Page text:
• johnnycake (also Rhode Island jonnycake) – a type of cornmeal bread[1]
  • leaf peeper – a tourist who has come to see the area's vibrant autumn foliage[1]
  • necessary – outhouse, privy[1]
  • quahog – pronounced "koe-hog," it properly refers to a specific species of clam but is also applied to any clam[1]
  • tonic (eastern Massachusetts) – soft drink[1]

Northern New England[edit]

  • ayuh – "yes" or affirmative[1]
  • creemee – (Vermont) soft serve ice cream [10]
  • dooryard – area around the main entry door of a house, specifically a farmhouse. Typically including the driveway and parking area proximal to the house[1]
  • Italian (sandwich) – (Maine) submarine sandwich[1]
  • logan (also pokelogan) – a shallow, swampy lake or pond (from Algonquian)[1]
  • muckle – to grasp, hold-fast, or tear into[1]
  • mud season – early spring [11][12]


Greater New York City[edit]

  • bodega – small corner grocery store[1]
  • catty corner – on an angle to a corner[1]
  • dungarees (older) – jeans[1]
  • egg cream – a mixture of cold milk, flavored syrup, and seltzer[1]
  • have a catch – play catch[1]
  • hero – submarine sandwich[1]
  • kill – a small river or strait, in the name of specific watercourses; e.g. Beaver Kill, Fresh Kills, Kill Van Kull, Arthur Kill (from Dutch)[1]
  • on line – waiting or standing in a line[2]
  • potsyhopscotch[1]
  • punchball – a baseball-like game suitable for smaller areas, in which a fist substitutes for the bat and a "spaldeen" is the ball[1]
  • scallion – spring onion[1]
  • sliding pondPlayground slide
  • stoop – a small porch or steps in front of a building, originally from Dutch[17]


  • barn-burner (now widespread) – an exciting, often high-scoring game, esp. a basketball game[1]
  • hoosier (esp. Indiana) – someone from Indiana; (outside of Indiana, esp. in the St. Louis, Missouri area) a person from a rural area, comparable to redneck[2]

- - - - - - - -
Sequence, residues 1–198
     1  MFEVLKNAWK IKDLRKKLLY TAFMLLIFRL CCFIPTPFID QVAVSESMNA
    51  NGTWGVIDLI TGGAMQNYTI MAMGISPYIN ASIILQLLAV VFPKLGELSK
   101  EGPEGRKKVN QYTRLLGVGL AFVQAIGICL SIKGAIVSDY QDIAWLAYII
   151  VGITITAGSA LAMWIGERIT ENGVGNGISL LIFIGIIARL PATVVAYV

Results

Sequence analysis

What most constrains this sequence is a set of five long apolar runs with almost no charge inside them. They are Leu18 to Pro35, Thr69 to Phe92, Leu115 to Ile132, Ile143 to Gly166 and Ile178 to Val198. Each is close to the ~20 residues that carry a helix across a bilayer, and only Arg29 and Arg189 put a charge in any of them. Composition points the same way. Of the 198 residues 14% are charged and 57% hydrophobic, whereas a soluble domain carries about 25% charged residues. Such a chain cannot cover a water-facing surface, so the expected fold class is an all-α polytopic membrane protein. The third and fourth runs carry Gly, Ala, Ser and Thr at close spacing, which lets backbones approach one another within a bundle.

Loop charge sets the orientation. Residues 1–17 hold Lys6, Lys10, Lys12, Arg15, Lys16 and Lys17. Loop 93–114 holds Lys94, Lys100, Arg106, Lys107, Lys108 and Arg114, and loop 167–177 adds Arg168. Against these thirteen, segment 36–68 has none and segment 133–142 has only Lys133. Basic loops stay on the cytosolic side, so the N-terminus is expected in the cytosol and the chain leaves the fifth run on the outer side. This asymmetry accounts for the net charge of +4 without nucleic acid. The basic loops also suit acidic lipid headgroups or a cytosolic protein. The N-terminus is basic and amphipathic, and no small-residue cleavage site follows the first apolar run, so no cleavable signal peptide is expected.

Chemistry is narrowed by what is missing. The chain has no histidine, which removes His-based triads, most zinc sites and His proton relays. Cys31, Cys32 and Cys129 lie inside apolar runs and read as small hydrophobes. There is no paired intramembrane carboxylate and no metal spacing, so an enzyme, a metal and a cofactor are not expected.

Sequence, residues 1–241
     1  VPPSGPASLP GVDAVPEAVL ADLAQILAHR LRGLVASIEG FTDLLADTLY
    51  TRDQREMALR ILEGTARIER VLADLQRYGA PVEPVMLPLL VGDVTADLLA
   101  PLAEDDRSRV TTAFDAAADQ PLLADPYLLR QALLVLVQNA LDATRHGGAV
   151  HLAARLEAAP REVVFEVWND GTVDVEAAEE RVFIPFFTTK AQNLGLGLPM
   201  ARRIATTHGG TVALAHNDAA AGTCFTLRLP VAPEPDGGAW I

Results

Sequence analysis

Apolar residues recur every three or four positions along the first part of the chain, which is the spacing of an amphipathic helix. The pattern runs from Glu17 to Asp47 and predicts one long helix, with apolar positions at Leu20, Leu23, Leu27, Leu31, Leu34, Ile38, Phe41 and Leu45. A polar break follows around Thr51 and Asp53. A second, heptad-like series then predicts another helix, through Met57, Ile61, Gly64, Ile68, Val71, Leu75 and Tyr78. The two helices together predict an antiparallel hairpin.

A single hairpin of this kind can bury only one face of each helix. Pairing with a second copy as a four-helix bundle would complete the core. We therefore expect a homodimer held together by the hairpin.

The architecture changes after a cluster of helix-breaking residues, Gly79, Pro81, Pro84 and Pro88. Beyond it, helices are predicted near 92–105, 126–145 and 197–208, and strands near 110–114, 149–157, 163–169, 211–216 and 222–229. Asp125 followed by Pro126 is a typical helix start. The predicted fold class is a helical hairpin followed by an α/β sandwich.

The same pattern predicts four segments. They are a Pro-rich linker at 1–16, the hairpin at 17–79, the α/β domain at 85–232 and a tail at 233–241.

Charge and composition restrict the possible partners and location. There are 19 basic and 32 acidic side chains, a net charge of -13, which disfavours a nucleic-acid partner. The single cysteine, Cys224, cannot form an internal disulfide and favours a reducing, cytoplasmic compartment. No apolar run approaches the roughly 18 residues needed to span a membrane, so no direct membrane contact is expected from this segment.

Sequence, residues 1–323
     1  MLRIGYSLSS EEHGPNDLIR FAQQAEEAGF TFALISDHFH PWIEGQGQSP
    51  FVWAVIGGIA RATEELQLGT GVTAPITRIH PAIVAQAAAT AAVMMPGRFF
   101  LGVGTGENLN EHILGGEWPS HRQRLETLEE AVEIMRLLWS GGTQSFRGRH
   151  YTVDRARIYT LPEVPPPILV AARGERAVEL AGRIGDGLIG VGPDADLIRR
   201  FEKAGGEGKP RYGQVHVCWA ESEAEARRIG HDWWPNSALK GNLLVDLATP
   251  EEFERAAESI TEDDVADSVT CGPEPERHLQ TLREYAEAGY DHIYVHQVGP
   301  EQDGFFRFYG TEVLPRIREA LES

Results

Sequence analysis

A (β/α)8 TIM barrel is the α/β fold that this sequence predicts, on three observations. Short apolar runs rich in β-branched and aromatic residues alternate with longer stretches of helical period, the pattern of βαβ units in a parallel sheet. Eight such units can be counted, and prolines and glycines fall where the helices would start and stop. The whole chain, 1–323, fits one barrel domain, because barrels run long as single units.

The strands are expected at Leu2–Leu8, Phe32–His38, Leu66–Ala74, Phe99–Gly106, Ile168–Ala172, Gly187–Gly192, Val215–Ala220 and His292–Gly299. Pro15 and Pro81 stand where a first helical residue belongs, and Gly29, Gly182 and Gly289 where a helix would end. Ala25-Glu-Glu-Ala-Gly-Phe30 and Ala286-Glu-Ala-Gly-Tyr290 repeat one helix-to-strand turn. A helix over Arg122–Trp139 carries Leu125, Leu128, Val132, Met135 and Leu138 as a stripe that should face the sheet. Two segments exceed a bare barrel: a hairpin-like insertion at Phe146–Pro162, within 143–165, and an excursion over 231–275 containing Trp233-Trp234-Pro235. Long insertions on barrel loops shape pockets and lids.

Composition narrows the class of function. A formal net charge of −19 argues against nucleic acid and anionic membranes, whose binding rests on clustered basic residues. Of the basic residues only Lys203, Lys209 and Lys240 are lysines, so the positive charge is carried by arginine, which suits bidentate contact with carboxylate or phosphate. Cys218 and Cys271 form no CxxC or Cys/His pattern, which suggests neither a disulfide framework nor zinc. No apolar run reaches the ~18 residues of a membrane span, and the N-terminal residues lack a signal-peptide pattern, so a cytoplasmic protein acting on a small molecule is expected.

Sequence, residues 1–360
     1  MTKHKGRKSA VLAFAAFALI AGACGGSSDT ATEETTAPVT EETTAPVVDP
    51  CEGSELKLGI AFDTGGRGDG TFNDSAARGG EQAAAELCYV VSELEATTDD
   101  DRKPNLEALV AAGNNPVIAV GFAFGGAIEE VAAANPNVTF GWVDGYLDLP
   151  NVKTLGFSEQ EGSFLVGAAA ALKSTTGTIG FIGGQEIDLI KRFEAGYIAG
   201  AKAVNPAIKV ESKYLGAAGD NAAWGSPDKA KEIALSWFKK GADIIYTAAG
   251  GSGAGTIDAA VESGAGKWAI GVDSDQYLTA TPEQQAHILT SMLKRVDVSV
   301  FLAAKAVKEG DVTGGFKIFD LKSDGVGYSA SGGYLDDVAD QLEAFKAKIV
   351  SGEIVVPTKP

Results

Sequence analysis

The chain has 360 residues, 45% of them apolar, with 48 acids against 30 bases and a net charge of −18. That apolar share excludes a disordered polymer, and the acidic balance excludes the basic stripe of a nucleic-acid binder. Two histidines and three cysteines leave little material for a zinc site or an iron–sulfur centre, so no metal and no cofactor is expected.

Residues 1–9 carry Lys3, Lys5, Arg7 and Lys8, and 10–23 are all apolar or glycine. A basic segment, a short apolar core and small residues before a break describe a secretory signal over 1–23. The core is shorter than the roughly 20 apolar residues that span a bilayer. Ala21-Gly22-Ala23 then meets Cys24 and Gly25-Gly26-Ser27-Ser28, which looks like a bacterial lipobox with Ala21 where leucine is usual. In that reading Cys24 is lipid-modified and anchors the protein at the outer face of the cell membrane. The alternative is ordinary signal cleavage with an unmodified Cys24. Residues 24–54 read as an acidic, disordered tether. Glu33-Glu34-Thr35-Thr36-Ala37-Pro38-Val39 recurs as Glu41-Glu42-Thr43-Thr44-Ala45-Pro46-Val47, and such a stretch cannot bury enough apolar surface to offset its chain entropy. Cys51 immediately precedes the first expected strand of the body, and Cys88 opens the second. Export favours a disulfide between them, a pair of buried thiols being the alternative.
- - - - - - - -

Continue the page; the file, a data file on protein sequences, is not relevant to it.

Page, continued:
• mango – green bell pepper, sometimes also various chili peppers[1]
  • outer road – a frontage road or other service road[1]

A soft drink is generally known in the American Midland as pop, except for being soda around Greater St. Louis in Missouri and Illinois, and coke in central Indiana and central and western Oklahoma[6]


  • alligator pearavocado[1]
  • arkansas toothpick – a big knife or heavy dagger; similar to a bowie knife
  • bad-mouth – to speak with poor regard of something or to criticize
  • banquette (southern Louisiana) – sidewalk, foot-path[1]
  • billfold (widespread, but infrequent Northeast, Pacific Northwest) – a man's wallet[1]
  • bless one's heart – implies that one is stupid (one is replaced with his, her, etc)
  • britches – pants or underpants
  • cain't never could – one will never be able to do something if they don't try
  • cap (also Midlands) – sir (prob. from "captain")[1]
  • cattywampus or catawampus – knocked askew or not in alignment
  • chill bumps (also Midlands) – goose bumps[1]
  • chuck – toss or throw an object[2] (Now somewhat widespread)
  • clicker – a remote control, typically for a television
  • coke – any brand of soft drink[6]
  • commode (also Midlands) – bathroom; restroom; particularly the toilet itself[1]
  • crawfish – a crayfish
  • crocus sack (Atlantic), croker sack (Gulf) – burlap bag[1]
  • cut on/off – to turn on/off[1]
  • dadgum or dad gum – expresses mild annoyance
  • devil beatin' his wife – rain when the sun is still shining
  • directly – in a minute; soon; presently[1]
  • dirty rice (esp. Louisiana) – Cajun rice dish consisting of rice, spices, and meat[1]
  • fais-dodo (southern Louisiana) – a party[1]
  • fit to be tied – very angry, livid
  • fix – to get ready, to be on the verge of doing, e.g. "I'm fixing to go"; (widespread but esp. South) to prepare food[1]
  • fly off the handle – to unexpectedly become very angry or agitated
  • have half a mind – expresses that one would like to do something but is probably it going to (used when angry or annoyed)
  • gumption – spirited initiative, courage, boldness, or sometimes resourcefulness
  • hankering – a strong desire to do something or have something
  • house shoes – bedroom slippers[1]
  • howdy – used as an informal greeting
  • lagniappe (Gulf, esp. Louisiana) – a little bit of something extra[1]
  • lickety-split – very quickly
  • locker (esp. Louisiana) – closet[1]
  • make (age) (Gulf, esp. Louisiana) – have a birthday; "He's making 16 tomorrow."[1]
  • near, also damn near or nearabout – almost
  • neutral ground (Louisiana, Mississippi) – median strip[1]
  • off-kilter or out-of-kilter – not right, out of sorts
  • ornery – having an irritable disposition